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Sarah Palin's defamation lawsuit against The New York Times is valid and may continue, court rules

Sarah Palin's defamation lawsuit against The New York Times is valid and may continue, court rules

An NYT editorial linked Palin to a mass shooting

Sarah Palin's defamation lawsuit against The New York Times will be allowed to continue after a federal appeals court ruled that the lawsuit was wrongly dismissed by a lower court, according to NPR.

Palin sued the Times in 2017 after the paper published an editorial that drew a connection between materials distributed by Palin's political action committee and a mass shooting incident in Tucson, Arizona, in which six people were killed and Democratic Rep. Gabrielle Giffords was injured.

There were two primary reasons the 2nd U.S. Circuit Court of Appeals sent the case back to the lower court. First of all, the court ruled that the lower court used an "unusual" procedure to evaluate Palin's legal team's arguments, using the facts obtained in a special hearing to dismiss the case.

More crucially to the future of this lawsuit, the appeals court ruled that Palin's case "plausibly states a claim for defamation and may proceed to full discovery."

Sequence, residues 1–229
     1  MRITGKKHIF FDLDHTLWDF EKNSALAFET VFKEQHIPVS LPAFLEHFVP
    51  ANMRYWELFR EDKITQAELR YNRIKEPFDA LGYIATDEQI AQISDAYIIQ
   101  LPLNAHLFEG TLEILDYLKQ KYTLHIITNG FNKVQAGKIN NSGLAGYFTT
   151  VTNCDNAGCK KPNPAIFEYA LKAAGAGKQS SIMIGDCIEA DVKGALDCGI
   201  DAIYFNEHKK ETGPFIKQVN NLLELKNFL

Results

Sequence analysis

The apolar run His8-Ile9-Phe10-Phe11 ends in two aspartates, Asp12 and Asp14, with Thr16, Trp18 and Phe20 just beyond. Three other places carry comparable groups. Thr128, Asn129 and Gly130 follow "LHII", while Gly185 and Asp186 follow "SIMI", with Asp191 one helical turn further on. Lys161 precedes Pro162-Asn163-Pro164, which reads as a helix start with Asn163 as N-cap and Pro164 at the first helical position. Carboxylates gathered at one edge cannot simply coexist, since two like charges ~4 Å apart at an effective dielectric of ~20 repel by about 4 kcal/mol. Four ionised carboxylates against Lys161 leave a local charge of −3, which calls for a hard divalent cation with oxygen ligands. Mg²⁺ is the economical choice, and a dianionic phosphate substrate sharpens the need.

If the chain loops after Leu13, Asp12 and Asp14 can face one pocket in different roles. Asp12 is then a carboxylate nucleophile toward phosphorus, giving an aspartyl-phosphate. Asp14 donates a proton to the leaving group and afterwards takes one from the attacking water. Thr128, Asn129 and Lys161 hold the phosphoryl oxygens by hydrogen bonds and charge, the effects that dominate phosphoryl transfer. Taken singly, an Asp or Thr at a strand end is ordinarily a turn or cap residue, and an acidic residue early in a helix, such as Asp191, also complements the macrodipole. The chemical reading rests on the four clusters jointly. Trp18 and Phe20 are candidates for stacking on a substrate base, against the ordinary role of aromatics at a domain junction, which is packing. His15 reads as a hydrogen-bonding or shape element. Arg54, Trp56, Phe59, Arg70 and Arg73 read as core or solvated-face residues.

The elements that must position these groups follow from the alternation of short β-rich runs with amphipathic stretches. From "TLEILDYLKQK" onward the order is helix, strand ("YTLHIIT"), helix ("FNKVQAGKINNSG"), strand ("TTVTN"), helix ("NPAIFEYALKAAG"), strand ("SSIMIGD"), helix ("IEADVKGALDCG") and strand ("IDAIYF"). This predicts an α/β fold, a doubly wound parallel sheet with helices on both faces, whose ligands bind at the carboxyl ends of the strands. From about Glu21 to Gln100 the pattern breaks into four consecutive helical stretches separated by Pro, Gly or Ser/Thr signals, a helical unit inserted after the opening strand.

An excerpt from the editorial reads:

"Was this attack evidence of how vicious American politics has become? Probably. In 2011, Jared Lee Loughner opened fire in a supermarket parking lot, grievously wounding Representative Gabby Giffords and killing six people, including a 9-year-old girl. At the time, we and others were sharply critical of the heated political rhetoric on the right. Before the shooting, Sarah Palin's political action committee circulated a map that showed the targeted electoral districts of Ms. Giffords and 19 other Democrats under stylized cross hairs."

The editorial was corrected to add the sentence "But in that case no connection to the shooting was ever established."

When the lawsuit was originally thrown out by the lower court, the judge wrote that Palin's lawyers' evidence "consists either of gross supposition or of evidence so weak that, even together, these items cannot support the high degree of particularized proof."

While the appellate court ruled that Palin's team has a high burden of proof in this situation, the claim of defamation itself is worthy of being thoroughly evaluated.

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